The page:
They say it takes a village to raise a child. To most of us, this simultaneously makes perfect sense, but also causes so much tension. Dissonance. What if someone in the village is an idiot? Well, there’s always a village idiot – we just hope that’s not us…
I’ve pondered this moment for months – this opportunity to impart one last snippet of wisdom. As time grew closer, the pressure mounted. I’m not sure if you’re familiar with the concept of procrastination, but someone told me that I was procrastination. I wasn’t sure what they were talking about and I meant to look it up, but then I decided to watch another season of The Hour and it kind of fell off the radar…
In all seriousness – well maybe not all seriousness, there will probably be another joke or two in here…
I struggled preparing for this moment. I struggled with keeping this about you and not making it about me. Coincidentally (or not), we’re in the same boat – we’re all stepping out of a place where we’ve learned, grown, established an identity – a purpose… a sense of belonging. Everything I know about teaching and learning, I’ve gleaned in this place. For seven years, I’ve been challenged. Three years ago, we watched out first batch of Bioscience graduates leave. That was a bittersweet moment, to say the least. I had the privilege – or curse, depending on the day – to work with that class for each of their four years here. To send them out into the world was both terrifying and gratifying.
I said some words that evening and I cried.
In fact, the handkerchief I had for that graduation is right here – it’s never left my lab coat pocket….which is kind of gross.
That same year was your first. You entered as terrified, awkward, smelly little things – wild eyed and curious, faux-confidence exuding from every pour of your person. And that’s exactly where you’re at now… Funny how things have a tendency to stay the same.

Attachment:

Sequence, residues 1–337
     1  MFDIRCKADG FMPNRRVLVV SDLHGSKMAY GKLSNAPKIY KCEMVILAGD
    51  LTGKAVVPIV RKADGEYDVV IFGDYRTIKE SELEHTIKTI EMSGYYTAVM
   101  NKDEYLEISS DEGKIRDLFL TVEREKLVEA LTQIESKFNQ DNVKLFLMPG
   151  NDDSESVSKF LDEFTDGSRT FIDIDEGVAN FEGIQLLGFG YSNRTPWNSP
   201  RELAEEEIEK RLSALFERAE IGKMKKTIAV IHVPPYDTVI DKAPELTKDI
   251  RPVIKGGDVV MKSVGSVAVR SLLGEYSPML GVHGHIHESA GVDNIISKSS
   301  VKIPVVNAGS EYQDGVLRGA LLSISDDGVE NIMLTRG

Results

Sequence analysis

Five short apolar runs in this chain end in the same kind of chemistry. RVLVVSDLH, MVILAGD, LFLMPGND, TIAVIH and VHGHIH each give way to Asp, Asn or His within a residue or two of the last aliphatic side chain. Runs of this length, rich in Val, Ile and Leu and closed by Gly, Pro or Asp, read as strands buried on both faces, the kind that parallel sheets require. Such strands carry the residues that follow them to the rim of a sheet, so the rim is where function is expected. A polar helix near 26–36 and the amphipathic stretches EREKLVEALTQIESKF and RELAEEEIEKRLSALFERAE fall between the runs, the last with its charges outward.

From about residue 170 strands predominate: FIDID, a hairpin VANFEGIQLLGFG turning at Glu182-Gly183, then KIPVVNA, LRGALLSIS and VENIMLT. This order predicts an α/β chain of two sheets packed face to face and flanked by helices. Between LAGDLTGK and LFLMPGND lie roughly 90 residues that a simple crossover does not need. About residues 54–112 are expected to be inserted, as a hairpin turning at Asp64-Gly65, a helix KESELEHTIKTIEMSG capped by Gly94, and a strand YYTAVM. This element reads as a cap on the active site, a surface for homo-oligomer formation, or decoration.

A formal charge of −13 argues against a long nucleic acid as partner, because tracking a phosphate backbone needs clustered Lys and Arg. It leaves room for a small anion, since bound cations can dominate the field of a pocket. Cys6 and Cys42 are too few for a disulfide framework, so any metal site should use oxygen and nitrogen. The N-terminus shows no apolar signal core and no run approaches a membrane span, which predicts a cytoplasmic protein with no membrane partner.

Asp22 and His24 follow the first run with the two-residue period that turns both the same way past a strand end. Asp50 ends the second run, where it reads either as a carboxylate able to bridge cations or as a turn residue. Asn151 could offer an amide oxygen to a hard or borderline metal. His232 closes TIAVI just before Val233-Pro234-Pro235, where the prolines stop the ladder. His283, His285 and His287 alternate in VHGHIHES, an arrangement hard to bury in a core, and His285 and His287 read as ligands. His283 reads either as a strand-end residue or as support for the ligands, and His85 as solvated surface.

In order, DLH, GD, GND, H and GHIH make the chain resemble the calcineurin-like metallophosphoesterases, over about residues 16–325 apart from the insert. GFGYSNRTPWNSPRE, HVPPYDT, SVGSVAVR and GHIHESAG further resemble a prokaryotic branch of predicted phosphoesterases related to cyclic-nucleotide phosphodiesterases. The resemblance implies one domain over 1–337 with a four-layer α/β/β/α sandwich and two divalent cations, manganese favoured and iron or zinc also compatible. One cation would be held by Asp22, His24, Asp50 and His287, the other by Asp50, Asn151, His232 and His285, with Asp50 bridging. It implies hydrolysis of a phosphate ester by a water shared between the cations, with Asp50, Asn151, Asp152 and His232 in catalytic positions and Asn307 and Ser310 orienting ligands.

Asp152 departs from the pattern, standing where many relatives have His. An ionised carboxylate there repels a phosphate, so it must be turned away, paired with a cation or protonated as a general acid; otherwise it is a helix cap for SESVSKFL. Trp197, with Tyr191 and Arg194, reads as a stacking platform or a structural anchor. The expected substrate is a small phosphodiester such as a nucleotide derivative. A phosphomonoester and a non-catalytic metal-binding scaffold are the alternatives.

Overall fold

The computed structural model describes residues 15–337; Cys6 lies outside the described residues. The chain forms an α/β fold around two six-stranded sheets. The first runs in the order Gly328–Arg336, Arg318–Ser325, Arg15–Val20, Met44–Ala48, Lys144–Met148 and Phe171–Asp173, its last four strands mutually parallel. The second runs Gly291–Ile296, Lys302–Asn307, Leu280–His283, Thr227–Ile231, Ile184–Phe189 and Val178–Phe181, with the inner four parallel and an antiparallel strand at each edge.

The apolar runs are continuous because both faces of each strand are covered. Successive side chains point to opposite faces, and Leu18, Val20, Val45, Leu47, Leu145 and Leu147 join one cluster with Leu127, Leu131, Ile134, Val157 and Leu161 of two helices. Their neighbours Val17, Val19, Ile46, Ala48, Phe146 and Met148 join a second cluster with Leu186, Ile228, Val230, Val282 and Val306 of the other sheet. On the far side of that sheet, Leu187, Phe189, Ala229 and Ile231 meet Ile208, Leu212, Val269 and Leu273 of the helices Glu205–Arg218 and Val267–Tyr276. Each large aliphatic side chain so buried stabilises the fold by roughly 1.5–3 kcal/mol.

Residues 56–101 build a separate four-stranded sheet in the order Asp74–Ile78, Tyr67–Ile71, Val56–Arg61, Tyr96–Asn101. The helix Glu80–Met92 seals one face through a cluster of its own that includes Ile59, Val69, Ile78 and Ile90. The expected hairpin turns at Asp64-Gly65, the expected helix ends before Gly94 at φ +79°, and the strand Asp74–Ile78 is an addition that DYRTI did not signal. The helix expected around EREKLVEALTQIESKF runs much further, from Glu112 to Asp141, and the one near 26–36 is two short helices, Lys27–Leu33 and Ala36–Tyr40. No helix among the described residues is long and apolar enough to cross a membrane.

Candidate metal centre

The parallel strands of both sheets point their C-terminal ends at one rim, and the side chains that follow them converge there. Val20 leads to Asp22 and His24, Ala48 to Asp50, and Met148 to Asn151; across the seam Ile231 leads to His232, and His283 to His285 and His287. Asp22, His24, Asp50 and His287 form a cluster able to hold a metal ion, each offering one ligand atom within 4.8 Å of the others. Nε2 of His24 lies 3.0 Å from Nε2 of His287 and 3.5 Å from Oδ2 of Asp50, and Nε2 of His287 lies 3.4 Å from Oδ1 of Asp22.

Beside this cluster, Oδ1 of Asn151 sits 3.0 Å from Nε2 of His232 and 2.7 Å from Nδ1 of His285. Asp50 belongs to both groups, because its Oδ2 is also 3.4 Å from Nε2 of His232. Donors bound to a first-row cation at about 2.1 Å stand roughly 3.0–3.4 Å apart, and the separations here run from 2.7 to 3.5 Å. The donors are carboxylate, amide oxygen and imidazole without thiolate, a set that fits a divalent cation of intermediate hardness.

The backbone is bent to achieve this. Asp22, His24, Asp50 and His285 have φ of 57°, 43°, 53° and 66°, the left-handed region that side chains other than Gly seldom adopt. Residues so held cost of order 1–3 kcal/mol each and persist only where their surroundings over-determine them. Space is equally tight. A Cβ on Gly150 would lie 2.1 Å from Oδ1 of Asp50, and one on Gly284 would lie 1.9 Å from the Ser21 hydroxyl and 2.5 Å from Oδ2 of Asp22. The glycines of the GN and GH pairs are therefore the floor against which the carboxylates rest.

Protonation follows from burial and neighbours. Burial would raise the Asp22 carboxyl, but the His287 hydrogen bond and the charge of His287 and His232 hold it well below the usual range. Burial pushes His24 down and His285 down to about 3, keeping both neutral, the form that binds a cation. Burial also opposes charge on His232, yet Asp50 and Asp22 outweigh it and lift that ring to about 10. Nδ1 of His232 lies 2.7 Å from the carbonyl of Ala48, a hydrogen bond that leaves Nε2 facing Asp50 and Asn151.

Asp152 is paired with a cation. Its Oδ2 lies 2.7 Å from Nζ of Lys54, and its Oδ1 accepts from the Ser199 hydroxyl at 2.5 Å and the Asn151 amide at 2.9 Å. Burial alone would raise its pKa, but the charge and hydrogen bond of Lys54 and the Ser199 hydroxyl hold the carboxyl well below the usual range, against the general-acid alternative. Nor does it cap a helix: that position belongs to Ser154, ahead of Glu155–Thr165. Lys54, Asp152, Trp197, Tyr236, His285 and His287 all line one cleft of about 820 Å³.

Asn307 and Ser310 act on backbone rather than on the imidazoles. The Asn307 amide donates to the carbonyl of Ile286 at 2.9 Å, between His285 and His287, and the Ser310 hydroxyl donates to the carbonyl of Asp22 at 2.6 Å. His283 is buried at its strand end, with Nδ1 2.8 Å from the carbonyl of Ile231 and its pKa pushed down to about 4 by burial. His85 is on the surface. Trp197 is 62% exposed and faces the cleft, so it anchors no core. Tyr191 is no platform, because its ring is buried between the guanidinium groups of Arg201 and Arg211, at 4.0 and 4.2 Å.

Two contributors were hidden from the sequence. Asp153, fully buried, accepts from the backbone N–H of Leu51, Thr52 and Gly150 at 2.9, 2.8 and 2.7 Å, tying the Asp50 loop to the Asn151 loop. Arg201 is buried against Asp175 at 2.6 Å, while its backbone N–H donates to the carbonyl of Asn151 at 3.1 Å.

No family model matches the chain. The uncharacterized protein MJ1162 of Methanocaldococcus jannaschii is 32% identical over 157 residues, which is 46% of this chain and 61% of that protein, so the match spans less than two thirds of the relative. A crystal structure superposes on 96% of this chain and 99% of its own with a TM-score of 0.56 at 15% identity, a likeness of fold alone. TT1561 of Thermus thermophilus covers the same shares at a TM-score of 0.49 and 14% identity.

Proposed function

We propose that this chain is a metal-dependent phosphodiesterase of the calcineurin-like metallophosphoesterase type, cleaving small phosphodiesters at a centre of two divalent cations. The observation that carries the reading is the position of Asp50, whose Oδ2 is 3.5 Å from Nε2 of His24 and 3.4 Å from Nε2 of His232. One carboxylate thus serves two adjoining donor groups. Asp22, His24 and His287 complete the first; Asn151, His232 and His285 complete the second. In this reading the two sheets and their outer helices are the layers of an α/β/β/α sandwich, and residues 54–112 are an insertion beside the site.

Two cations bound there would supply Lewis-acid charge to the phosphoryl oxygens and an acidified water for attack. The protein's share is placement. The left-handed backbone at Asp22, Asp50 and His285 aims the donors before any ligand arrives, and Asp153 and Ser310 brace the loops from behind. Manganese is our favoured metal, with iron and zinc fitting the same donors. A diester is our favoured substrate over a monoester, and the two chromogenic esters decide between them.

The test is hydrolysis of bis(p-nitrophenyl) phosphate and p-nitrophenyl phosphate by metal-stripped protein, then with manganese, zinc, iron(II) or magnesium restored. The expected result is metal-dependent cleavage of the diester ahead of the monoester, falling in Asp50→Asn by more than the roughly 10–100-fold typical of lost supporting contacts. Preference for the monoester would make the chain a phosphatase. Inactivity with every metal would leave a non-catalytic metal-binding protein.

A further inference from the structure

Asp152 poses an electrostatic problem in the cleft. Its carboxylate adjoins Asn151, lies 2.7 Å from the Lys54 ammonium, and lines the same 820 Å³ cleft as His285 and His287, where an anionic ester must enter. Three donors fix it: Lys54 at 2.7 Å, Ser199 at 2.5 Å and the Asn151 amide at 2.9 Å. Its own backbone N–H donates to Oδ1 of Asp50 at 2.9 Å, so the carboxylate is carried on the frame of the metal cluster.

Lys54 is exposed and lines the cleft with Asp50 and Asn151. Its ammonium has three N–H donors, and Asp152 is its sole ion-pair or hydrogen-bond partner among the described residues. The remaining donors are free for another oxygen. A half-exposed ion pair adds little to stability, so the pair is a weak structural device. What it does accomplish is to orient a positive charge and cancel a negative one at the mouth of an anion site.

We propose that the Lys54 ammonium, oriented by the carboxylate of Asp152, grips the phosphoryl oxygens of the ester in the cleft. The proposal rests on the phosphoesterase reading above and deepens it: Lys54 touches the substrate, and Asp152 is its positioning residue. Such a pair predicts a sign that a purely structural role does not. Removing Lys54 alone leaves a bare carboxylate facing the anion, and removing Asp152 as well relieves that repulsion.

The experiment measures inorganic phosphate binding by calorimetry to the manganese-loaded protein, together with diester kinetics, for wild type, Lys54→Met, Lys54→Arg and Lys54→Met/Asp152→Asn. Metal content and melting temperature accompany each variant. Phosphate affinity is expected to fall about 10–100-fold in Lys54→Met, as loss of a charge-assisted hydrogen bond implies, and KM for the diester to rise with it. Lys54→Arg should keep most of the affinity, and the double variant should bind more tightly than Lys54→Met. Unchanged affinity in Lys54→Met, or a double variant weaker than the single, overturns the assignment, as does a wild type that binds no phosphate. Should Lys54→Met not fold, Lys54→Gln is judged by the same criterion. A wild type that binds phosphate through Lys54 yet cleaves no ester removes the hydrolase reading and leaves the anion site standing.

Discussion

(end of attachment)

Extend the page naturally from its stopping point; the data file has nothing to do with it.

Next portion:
If I were reading the signs, I’d say all of that was pretty poetic and somewhat prophetic. At the same time we were seeing off our first set of graduates, we’d just indoctrinated you all… and on your way out, I’d be leaving with you… The farewell I’d issued then is fitting now.
Farewell, in it’s origin, was never meant as a goodbye. It literally meant to fare well on whatever journey one was about to embark, with the intent being that the bidder would see the traveler again. When I spoke three years ago, I said that we should bid our incoming students farewell as they entered this place. It is, after all, a journey. Alas, we didn’t, but it is fitting, now, to bid you fare well.
You are all wonderfully insightful young men and women. I shared with you a few weeks ago that I believe one of the biggest problems this country faces is its underestimation of our young people. We don’t expect enough of you and we don’t give you enough opportunities to grow. This is another matter for another day and another venue, though, as tonight, we’re here to see you off…
And with that, I offer you what little more I might…
First – slow down. These past few months have seen a multitude of challenges and stresses in your lives and the next chapter is on the horizon. You don’t need to build anticipation – it does that on its own. Just slow down. Before you immerse yourselves in the throes of college, take a minute for yourselves. Look back and enjoy what you’ve accomplished. Revel in your achievements and give credence to what you’ve done. At the same time, it’s important to give voice to opportunities for improvement.
Not so long ago, the term YOLO entered the parlance of our time. You only live once. Thanks, Drake. You successfully reduced carpe diem to a meme. That’s impressive. This thing – you only live once – is inaccurate. Not only literally - Yeah – I regurgitated what that one guy from The Office said – you only die once. I’m certain he wasn’t the first to utter such things… but I digress … but figuratively, as well.
One way or another, there’s a certain comfort in knowing you have the opportunity to fix something. For me, it was there’s always next year. This implies that same sense of reflection and self-assessment that we’ve mentioned once or twice through your little adventure down these hallowed halls. Unfortunately, this YOLO that society has embraced runs counter to that sentiment. YOLO supposes a certain level of flippancy – an unbridled irreverence towards things that might be deserving of such things.
I’ve known the whole year that it would be my last at Bioscience and I constantly battled taking the YOLO road. Others even encouraged it – it’s not your problem anymore – you’re LEAVING. I could not stomach this for one second and at the same time, I didn’t have next year to fix my mistakes. This was it.